I’ve often been intrigued by Safari’s SnapBack feature – how exactly does it work, and is it useful?
The basic idea of SnapBack is to save you having to click the Back button so much. You click the SnapBack icon, and Safari takes you back to the first page you visited in the current window or tab, or back to the last page of search results. Here’s how it works.
Page SnapBack is available when you see the little orange arrow icon in the address bar:
Click this icon – or press Command-Option-P – and Safari takes you back to the SnapBack page. What is the SnapBack page? Well, it’s one of the following:
- The URL you last typed into your address bar.
- The first page you visited in a new tab or window.
- A page you explicitly marked for SnapBack. (To mark the current page for SnapBack, choose History > Mark Page for SnapBack, or press Command-Option-K.)
So the idea of Page SnapBack is that it takes you back to the last “hub” or “jumping off” page that you visited. You might use this feature when:
- You’re reading through lots of discussion threads in a forum and want to jump back to the forum index page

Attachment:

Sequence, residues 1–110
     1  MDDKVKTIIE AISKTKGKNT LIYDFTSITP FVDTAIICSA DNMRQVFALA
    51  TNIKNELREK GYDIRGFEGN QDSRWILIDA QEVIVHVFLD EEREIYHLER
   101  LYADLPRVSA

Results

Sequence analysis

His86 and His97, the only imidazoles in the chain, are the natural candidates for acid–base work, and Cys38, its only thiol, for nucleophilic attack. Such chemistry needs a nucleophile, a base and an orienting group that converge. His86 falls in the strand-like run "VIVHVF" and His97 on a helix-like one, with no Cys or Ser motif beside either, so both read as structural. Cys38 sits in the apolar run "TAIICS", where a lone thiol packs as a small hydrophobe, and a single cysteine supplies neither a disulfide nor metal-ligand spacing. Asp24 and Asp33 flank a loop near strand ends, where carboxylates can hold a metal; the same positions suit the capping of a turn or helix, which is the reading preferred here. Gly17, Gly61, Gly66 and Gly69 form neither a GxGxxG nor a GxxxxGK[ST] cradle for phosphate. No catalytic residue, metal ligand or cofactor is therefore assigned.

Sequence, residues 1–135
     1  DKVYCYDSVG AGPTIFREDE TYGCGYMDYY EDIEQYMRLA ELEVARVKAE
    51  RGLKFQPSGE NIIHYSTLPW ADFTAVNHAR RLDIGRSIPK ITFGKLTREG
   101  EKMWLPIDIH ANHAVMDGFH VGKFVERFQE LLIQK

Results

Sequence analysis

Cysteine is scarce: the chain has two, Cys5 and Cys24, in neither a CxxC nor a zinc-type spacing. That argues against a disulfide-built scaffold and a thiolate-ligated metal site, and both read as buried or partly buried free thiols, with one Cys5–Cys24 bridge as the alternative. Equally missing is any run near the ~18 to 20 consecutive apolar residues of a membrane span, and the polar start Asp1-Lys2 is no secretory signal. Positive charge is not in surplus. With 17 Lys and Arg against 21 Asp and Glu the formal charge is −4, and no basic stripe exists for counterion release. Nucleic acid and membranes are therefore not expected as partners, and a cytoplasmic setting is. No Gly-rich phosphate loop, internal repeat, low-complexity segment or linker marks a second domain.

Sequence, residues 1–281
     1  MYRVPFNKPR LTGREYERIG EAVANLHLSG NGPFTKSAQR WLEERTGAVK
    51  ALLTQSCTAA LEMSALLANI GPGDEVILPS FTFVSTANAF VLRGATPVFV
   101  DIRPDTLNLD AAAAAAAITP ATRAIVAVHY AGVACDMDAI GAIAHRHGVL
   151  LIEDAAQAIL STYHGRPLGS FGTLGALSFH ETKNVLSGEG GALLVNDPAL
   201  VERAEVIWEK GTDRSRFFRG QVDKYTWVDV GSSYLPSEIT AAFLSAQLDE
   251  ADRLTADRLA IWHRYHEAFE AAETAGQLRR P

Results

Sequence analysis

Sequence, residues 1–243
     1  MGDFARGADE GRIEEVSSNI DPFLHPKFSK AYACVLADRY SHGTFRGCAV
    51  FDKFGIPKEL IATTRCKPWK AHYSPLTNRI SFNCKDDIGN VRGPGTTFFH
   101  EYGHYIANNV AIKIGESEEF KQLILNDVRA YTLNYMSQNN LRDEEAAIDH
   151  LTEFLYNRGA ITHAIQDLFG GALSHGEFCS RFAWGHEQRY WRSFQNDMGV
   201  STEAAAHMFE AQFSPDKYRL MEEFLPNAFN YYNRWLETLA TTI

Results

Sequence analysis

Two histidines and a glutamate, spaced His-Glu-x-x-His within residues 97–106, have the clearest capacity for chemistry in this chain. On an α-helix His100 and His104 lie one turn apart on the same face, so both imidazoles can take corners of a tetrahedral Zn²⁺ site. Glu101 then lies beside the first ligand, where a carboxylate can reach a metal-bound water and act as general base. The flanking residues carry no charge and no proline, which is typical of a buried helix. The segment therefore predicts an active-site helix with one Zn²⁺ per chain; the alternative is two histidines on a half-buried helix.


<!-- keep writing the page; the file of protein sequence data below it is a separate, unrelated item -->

- You’re browsing a large image library and want to return to the index page
- You’re on a news site such as BBC News and you’ve followed a few “related stories” links, and now you want to get back to the main page.
Search Results SnapBack
The second type of SnapBack works with search results pages, rather than regular pages. To use it, first search for a term using the search box at the top right of the Safari window:
Once your search results come up, click the links to visit sites as normal. When you’re ready to return to the search results, click the orange arrow icon in the search box (or press Command-Option-S):
Safari returns you to your search results page. A nice touch is that Safari remembers which search results page you were on, so if you were on page 3 of your search results, Safari returns you to that page, rather than page 1.
If you’re an Opera fan then you’ve no doubt noticed that SnapBack is remarkably similar to Opera’s Rewind feature (though SnapBack is done better in my opinion). SnapBack is one of those features that, while not earth-shattering, helps to make your browsing just that little bit smoother.